Loving Trees


Money and Marriage

It’s no secret that Mr. Rathroy and I are opposites in a lot of ways. He’s an introvert, I’m an extrovert. He’s good at math, I’m good at words. He likes to read fiction, I like to read non-fiction. It’s a mystery how we make this relationship work at all.

Of course, we have our common ground as well – our love of adventure and travel, our desire to constantly improve our 68 year old house, our hopes of retiring on lakefront property in one of these bad boys. But, like in many marriages, one of our largest philosophical gaps is in money matters. Mr. Rathroy and I treated money very differently during our single years. As an example, part of the down payment on our house was birthday money that I had been saving since I was 13. While I have no hard evidence on what happened to Mr. Rathroy’s 13th birthday money, I would bet that it disappeared well before we bought our house.

It was easier to deal with money in Malawi. We were the richest people in the entire country.

It was easier to deal with money in Malawi. We were the richest people in the entire country.

I’m a saver to say the least. And while those anti-spending habits set me on a safe financial course as a single gal, merging money in a marriage has a few more complications. I can’t in good conscience make Mr. Rathroy eat ramen noodles every night, especially when his pay check is contributing to our grocery bill. And he can’t buy a motorcycle on a whim because my paycheck contributes to our existing debt like student loans and car payments.

Leading up to our wedding, we had lots of money talks – should we keep it separate, should we combine, should we work out some sort of proportional bill pay, etc. We compared notes on what our parents do with their finances. We asked our friends how they deal with paychecks and bills. We approached every single angle of the issue and finally made a decision: we would play to our individual strengths to best benefit our marriage (and bank account).

I accepted the position of Chief Money Saver while Mr. Rathroy advocated for monthly allowances that we could spend at our own discretion (so that we could still have some fun). We merged all of our income and big bills so that we could better understand the monthly cost of our married lifestyle. And we signed up for a Mint account so that we could set budgets and track our spending. It took months to design a system that worked for us as individuals and as an eternally united couple, and it still undergoes adjustments when necessary. And while spending that much time and energy talking about money can be a drag at first, it has created a sense of comfort and trust between us that otherwise wouldn’t exist. It was a crash course in compromise and allows us to talk about our money without the emotionally charged contention that a lot of people face.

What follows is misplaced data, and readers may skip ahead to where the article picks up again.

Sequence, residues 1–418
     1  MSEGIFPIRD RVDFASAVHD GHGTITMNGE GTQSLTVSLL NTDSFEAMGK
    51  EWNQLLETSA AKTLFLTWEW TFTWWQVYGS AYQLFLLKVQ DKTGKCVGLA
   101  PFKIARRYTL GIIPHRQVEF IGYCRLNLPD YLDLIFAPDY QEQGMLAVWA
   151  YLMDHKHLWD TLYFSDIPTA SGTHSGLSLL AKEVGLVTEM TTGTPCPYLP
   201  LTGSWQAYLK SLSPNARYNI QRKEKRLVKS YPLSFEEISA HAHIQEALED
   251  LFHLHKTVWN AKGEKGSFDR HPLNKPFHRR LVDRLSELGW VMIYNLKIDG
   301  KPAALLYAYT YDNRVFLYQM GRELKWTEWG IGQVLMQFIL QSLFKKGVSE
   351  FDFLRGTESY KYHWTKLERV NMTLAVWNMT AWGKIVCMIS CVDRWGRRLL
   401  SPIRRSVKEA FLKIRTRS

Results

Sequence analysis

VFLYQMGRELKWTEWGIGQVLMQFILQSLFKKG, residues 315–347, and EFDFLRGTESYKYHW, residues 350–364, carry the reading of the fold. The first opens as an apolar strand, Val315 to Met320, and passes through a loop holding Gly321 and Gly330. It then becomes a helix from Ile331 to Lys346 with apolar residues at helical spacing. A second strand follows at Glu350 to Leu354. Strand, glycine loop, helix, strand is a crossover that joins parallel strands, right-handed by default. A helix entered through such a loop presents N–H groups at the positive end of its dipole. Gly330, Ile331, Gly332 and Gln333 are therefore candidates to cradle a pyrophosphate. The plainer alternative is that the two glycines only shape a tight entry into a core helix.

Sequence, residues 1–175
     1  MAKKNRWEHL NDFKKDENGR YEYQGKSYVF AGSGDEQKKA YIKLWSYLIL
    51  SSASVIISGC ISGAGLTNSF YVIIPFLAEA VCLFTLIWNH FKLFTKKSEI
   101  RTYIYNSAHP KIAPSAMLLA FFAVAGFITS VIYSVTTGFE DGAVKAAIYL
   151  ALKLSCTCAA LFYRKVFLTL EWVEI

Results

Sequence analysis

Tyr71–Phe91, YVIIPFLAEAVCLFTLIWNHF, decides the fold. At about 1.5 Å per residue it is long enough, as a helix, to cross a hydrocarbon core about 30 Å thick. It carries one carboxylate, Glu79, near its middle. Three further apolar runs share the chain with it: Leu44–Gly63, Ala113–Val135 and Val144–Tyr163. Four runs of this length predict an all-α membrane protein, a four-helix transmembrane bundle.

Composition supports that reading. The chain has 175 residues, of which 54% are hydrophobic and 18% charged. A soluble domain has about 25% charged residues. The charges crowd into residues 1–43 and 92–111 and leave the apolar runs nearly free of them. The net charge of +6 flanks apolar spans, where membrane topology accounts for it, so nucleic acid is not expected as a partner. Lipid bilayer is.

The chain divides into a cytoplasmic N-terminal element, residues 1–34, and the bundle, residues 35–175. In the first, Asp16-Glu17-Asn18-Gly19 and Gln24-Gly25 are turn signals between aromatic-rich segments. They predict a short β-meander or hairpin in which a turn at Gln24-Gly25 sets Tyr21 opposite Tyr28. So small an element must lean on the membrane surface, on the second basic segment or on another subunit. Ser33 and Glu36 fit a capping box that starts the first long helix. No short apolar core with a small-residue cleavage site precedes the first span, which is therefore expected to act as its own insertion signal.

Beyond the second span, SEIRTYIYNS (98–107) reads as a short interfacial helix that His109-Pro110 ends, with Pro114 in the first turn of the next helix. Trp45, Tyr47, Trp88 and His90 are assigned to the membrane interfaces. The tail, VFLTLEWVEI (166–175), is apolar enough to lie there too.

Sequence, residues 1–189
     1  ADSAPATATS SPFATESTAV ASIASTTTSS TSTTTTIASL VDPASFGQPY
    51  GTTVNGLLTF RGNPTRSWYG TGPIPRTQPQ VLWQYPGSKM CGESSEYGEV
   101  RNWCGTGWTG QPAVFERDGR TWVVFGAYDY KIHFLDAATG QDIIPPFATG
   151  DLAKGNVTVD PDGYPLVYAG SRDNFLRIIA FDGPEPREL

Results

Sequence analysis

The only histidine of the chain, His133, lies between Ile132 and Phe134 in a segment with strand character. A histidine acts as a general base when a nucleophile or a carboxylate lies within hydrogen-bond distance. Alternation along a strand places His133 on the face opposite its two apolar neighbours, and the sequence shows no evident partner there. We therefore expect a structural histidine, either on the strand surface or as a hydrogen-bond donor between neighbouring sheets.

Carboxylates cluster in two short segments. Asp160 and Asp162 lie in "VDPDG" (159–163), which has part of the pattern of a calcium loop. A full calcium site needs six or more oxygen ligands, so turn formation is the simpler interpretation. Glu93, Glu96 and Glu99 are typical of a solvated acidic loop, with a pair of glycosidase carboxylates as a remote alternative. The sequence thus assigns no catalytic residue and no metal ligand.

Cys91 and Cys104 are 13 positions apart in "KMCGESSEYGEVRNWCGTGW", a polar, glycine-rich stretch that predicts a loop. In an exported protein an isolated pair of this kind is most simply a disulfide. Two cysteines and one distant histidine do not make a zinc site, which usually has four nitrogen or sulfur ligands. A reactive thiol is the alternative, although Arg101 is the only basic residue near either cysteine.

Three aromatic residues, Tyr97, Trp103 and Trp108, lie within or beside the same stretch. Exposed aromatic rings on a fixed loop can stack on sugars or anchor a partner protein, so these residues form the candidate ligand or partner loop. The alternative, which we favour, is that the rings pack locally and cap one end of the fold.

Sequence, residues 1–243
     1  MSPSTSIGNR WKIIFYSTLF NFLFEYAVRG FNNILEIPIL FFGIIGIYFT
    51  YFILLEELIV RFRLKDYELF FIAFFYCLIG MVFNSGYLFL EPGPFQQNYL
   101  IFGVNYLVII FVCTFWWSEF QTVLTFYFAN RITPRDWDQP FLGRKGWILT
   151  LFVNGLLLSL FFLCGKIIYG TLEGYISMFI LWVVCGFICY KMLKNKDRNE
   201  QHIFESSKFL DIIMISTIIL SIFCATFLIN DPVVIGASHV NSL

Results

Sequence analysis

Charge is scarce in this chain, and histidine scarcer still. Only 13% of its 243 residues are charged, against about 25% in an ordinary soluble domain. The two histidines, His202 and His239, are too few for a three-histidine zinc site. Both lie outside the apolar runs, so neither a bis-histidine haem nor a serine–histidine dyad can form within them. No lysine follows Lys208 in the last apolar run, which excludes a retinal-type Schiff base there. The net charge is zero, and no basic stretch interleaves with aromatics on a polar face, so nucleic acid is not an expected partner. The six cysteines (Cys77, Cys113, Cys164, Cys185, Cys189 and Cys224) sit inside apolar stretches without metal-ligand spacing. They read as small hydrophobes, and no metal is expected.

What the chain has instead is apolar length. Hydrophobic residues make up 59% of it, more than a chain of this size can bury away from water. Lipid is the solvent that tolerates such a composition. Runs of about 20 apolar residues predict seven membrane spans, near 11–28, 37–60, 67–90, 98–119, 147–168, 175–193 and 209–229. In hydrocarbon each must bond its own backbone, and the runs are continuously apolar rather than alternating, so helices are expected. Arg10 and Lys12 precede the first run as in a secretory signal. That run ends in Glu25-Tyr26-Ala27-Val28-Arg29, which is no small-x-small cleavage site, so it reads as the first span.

We both understand our financial big picture and are both aware of every day transactions which helps us each learn to balance on the save-spend scale. Mr. Rathroy now looks forward to meeting a big savings goal and I’ve started enjoying occasional indulgences like a $10 cocktail. The topic of our money comes up multiple times a week and it’s never started an argument. Plus, now we have some rainy day insurance for days like today when we learned that the gas lines have under our house been leaking for over a year. And even though a $300 plumber bill isn’t great, at least we don’t have to chose between food and our house not exploding.

Our method of over-communicating about money is obviously not for everyone. To be honest, it wasn’t really for Mr. Rathroy at first. But once we had all the cards on the table, we started making long term goals and planning things like vacations, new kitchens, and retirement. We’re not always on the same page about everything, but we’re learning to write new pages together instead of tightly gripping our single life philosophies. And while I’m certainly not an expert on marriage, I’ve learned that letting go of some of my pre-wedding mindset helps me better grasp the new philosophies that we create together.

I don’t ever want to feel like I have to bite my tongue, especially not with Mr. Rathroy or on a subject that has been proven to make or break lifelong commitments. We’re in this together, and money is never going to disappear, so we chose to be friends with it instead. And, really, who doesn’t want to be friends with money?